LANE v. STATEAnnotate this Case
LANE v. STATE
1977 OK CR 328
572 P.2d 991
Case Number: F-77-333
Oklahoma Court of Criminal Appeals
An appeal from the District Court, McIntosh County; Marshall Warren, Judge.
Jack Roger Lane, appellant, was convicted of the offense of Murder in the Second Degree; was sentenced to ten (10) years to life imprisonment, and appeals.
Valdhe F. Pitman, Eufaula, for appellant.
Larry Derryberry, Atty. Gen., Julia T. Brown, Asst. Atty. Gen., for appellee.
¶1 Appellant, Jack Roger Lane, hereinafter referred to as defendant, was charged in the District Court, McIntosh County, Case No. CRF-76-38, with the offense of Murder in the Second Degree, in violation of 21 O.S.Supp. 1973 § 701.2 [21-701.2]. The case was tried to a jury, and a guilty verdict was returned. A mandatory sentence of ten (10) years to [572 P.2d 992] life imprisonment was imposed. From said judgment and sentence defendant has perfected a timely appeal to this Court.
¶2 Defendant was charged with killing his wife, Karen Fern Lane, with a shotgun in their mobile home on June 10, 1976. Two neighbors of defendant, John West and Lydia Gilbert, observed defendant arrive home in his jeep at about 6:30 p.m. on that date. West testified that he observed defendant drive up and enter defendant's mobile home. Thereafter he heard noises and loud voices coming from the mobile home, and subsequently heard two gunshots. West called the sheriff, and then observed the defendant leave in the jeep. The witness went over to defendant's mobile home and observed Karen Lane lying on the ground in the yard. Lydia Gilbert testified that she was working in her garden on the date and time aforesaid, which garden adjoins defendant's yard, and that she observed defendant arrive home and enter his mobile home. Defendant then called his wife, who had been in the yard with their two small daughters. The witness testified that as Karen Lane approached the mobile home the Lane's two daughters ran over to the witness and stated "my daddy is going to kill our mommy." Thereafter, the witness observed that as Karen opened the door to the mobile home defendant struck her in the head with his fist and she fell inside the door. Shortly thereafter, the witness heard a scuffle and then a gunshot. Karen then exited the mobile home bleeding, and defendant came out after her, holding a gun. Karen walked about ten feet, defendant called her name and she turned around and walked back a few steps toward the porch, where she collapsed. Defendant then told the witness to get a doctor and fired over her head when she did not move. The witness then left and called the sheriff, and defendant left in his jeep.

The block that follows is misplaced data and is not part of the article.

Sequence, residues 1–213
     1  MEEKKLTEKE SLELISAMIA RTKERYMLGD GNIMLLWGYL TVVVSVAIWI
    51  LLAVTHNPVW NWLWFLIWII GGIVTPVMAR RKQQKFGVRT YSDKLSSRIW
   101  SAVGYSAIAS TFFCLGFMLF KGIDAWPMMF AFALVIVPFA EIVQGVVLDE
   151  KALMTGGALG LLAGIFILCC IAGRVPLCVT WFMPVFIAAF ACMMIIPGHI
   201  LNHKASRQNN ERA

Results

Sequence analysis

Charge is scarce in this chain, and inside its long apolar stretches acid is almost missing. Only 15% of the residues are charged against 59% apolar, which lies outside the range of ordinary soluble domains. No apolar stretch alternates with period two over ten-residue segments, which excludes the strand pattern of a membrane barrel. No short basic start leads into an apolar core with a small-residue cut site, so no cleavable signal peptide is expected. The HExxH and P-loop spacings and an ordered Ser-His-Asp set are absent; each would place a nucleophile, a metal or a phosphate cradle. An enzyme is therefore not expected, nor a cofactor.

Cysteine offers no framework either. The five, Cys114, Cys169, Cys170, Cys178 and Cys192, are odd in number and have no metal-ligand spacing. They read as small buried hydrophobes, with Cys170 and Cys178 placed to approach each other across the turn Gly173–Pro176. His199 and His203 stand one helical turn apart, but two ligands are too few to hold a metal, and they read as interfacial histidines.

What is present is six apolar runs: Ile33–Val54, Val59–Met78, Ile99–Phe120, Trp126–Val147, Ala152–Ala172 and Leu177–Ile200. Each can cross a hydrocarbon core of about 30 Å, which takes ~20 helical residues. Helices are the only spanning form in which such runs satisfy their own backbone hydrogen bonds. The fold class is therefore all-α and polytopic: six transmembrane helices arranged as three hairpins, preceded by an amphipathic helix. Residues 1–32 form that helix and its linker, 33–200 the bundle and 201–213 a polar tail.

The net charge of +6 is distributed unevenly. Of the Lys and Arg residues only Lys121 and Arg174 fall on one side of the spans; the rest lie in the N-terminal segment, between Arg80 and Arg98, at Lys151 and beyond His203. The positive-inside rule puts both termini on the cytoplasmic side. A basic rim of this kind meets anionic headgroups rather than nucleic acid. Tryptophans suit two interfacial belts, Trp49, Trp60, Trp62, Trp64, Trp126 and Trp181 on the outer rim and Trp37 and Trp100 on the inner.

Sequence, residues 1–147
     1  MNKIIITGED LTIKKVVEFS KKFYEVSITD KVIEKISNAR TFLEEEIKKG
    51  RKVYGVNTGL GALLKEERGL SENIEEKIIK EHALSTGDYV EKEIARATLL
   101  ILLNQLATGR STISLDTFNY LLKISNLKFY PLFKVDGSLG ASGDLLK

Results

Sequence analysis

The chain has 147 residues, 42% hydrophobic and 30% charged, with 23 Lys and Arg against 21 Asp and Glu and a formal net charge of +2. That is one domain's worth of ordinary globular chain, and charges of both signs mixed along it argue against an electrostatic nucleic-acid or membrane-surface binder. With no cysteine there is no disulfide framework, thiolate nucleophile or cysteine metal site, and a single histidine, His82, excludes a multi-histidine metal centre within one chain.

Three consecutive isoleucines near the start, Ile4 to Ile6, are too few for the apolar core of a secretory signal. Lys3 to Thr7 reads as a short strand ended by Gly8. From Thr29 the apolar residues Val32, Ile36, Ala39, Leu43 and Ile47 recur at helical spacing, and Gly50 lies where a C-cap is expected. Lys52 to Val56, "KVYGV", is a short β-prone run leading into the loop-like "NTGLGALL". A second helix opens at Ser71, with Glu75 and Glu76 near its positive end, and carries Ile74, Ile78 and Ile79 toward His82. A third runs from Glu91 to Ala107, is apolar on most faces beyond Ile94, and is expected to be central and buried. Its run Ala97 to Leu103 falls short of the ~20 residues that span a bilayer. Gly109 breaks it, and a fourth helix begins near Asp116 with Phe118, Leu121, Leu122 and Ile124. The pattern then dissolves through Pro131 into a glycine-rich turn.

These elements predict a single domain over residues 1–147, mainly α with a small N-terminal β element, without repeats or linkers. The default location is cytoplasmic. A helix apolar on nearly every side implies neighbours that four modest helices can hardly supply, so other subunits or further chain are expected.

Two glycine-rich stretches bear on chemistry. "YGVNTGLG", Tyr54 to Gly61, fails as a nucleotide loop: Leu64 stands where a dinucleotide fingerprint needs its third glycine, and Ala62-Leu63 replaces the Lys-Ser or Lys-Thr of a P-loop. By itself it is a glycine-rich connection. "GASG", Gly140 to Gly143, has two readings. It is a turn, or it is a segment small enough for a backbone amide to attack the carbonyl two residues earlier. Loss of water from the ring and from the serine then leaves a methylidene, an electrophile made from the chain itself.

¶3 Jimmy Nixon, Eufaula police officer, was dispatched to the defendant's home by the sheriff's office. On the way he picked up Tom Bevans, a security guard. They then encountered defendant in his jeep and both the witness and defendant brought their vehicles to a halt, at which point defendant was arrested. In the jeep was a .20 gauge sawed-off shotgun, State's Exhibit No. 1.
¶4 Ray Kirkpatrick, Deputy Sheriff, found two empty .20 gauge shotgun shells at the scene of the homicide, one in the mobile home and one outside. Donald Beaver, Sheriff of McIntosh County, testified as to the chain of custody of some of the evidence. Dr. Bellamy, pathologist, stated that Karen Fern Lane died from a single shotgun blast to the abdomen. Numerous pellets and a shotgun wadding were recovered from the body and turned over to authorities. Carl Cloud, firearms examiner for the Oklahoma State Bureau of Investigation, received the gun and the pellets and the shotgun shells and performed various tests thereon. By examining the blouse which deceased was wearing in conjunction with the tests which he performed on the shotgun, he was able to determine that if the shotgun were the murder weapon, deceased was standing from three to five feet from the end of the barrel at the time the shot was fired. However, Cloud stated that his tests were inconclusive as to whether or not State's Exhibit No. 1, the shotgun seized at the time of defendant's arrest, was the murder weapon.
¶5 Defendant took the stand in his own behalf and testified that when he arrived home he called his wife to ask her if he had any clean shirts. Defendant further testified that he had just come from town where he had been playing pool and drinking a few beers, and that when he informed his wife that he was going back for the same reason she became angry. She went into the bedroom and he turned to get a drink of water. When he turned around she was pointing the shotgun at him, and she told him he was not going back into town. He approached her and grabbed the shotgun, and a tugging match ensued. In the process of wrestling the gun from her he stumbled, fell back and the gun went off. His wife then walked out the door and he followed, not aware that he had shot her until she turned around. He then told Mrs. Gilbert to call a doctor, but she hesitated so he fired a shot into the air to make her hurry. [572 P.2d 993] Further, he twice tried to call the sheriff but the line was busy so he left in his jeep in order to summon aid for his wife. Defendant also denied sawing off the barrel or the stock of the shotgun, to the point where it was illegal, although he admitted that he had once sawed off a few inches of the barrel.
¶6 On rebuttal, Eugene Doyle testified that defendant told him he planned to cut off the barrel to a length of 13 inches. The witness testified that he informed defendant that it was a crime to do so, but defendant stated he was going to do so anyway.
¶7 Defendant contends in his first assignment of error that the trial court committed reversible error in overruling his demurrer to the wording of the information. We decline to consider this contention inasmuch as it was not properly preserved. Title 22 O.S. 1971 § 503 [22-503], states:
"Both the demurrer and the plea must be put in open court, either at the time of the arraignment or at such time as may be allowed to the defendant for that purpose."